PICKS are stories from many sources, selected by our editors or recommended by our readers because they are important, surprising, troubling, enlightening, inspiring, or amusing. They appear on our site and in our daily newsletter. Please send suggested articles, videos, podcasts, etc. to picks@whowhatwhy.org.

$1B Initiative to Bring Clean Power to Developing Nations (Maria)

The author writes, “Two foundations just unveiled a $1 billion initiative to help deliver clean energy to huge numbers of people worldwide who lack electricity access — and hope it catalyzes vast amounts more outside capital. The Rockefeller and Ikea foundations said the new program ‘aims to reduce 1 billion tons of greenhouse gas emissions and to empower 1 billion people with distributed renewable energy.’”

What Is ‘the Mainstream Media,’ Anyway? (Dana)

From Columbia Journalism Review: “There are many ways to think about what constitutes the mainstream media, if such a thing exists at all. It can refer, simply, to any newspaper or to your local daytime talk show; at its most pernicious, the ‘mainstream media’ represents a conspiracy of gatekeepers. ‘The elite media set a framework within which others operate,’ Noam Chomsky wrote. ‘That framework works pretty well, and it is understandable that it is just a reflection of obvious power structures.’ A popular academic argument describes the mainstream media as actors who wield ‘power over discourse,’ which conjures a certain image: wealthy, white, male. As independent local news withers, and media companies become increasingly corporatized — under the control of large conglomerates and hedge funds — that critique rings all the more true.”

Dozens Who Died in Texas Prisons During the Pandemic Had Been Granted Parole, New Report Shows (DonkeyHotey)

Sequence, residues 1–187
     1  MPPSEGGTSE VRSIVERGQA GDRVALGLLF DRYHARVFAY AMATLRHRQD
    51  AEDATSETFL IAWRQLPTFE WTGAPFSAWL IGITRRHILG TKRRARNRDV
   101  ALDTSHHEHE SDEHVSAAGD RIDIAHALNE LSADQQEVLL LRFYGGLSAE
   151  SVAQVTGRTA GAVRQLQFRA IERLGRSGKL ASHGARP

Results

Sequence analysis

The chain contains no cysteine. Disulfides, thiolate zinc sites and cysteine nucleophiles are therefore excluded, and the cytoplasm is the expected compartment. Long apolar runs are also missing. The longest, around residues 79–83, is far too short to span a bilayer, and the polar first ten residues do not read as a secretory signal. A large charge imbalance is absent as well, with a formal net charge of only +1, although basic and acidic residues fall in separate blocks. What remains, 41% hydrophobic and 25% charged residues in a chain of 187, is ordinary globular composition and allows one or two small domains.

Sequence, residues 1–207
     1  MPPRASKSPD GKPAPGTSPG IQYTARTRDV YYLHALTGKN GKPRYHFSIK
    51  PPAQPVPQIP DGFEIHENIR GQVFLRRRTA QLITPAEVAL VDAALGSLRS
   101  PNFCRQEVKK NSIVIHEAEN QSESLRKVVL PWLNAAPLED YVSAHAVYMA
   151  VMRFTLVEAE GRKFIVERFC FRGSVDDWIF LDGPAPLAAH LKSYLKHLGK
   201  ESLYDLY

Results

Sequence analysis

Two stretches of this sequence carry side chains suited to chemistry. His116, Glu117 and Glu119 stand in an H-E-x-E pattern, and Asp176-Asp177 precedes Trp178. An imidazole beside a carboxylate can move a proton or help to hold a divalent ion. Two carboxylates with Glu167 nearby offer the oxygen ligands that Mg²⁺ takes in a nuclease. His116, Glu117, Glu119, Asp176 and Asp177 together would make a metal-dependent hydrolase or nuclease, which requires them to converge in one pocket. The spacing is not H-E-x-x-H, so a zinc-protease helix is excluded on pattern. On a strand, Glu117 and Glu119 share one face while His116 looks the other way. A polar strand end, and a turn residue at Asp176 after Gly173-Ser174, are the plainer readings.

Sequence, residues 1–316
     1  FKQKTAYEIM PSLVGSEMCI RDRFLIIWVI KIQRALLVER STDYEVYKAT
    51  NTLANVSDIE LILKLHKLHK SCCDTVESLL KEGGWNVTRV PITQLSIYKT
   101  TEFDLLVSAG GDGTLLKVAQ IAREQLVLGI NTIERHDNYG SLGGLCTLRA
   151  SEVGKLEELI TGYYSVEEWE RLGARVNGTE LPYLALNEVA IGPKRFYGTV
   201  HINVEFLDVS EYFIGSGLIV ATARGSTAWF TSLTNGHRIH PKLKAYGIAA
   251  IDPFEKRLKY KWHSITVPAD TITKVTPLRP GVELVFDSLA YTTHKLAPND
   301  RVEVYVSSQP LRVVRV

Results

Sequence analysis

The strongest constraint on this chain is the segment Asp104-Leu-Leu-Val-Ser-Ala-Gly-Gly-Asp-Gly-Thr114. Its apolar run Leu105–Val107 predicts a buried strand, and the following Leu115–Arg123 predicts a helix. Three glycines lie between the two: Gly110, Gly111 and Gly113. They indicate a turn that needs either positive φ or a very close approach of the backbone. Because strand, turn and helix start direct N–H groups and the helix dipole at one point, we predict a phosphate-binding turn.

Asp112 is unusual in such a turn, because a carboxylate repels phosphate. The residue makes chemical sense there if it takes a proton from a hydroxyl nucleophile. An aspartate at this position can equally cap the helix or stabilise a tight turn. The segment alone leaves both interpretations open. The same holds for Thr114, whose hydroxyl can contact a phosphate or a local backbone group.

From the Texas Tribune: “Last year, as the coronavirus killed hundreds inside Texas lockups and sickened tens of thousands more, prisoner rights advocates unsuccessfully pleaded for state officials to more quickly release the thousands of people in prison who had already been approved for parole. Now, a new report shows delays in release have been deadly. In the first year of the pandemic, 18 people who had already been granted parole died with COVID-19 before they could walk out of prison, according to a report released [last] Thursday from the University of Texas at Austin’s Lyndon B. Johnson School of Public Affairs. At least another two dozen parole grantees died in prison from reasons unrelated to the coronavirus in the same period, largely due to chronic health issues.”

Many Companies Want Remote Workers — Except From Colorado (Nick)

The author writes, “Across the internet, an array of job listings state the work can’t be done in Colorado. At Johnson & Johnson, roles recently posted for a commercial finance senior manager and a senior manager in operations include this caveat: ‘Work location is flexible if approved by the Company except that position may not be performed remotely from Colorado.’ At commercial real-estate giant CBRE Group Inc., an ad for a project management director notes in bold: ‘This position may be performed remotely anywhere within the United States except the State of Colorado.’ … Businesses have argued, in part, that Colorado’s rules are overly burdensome administratively for employers.”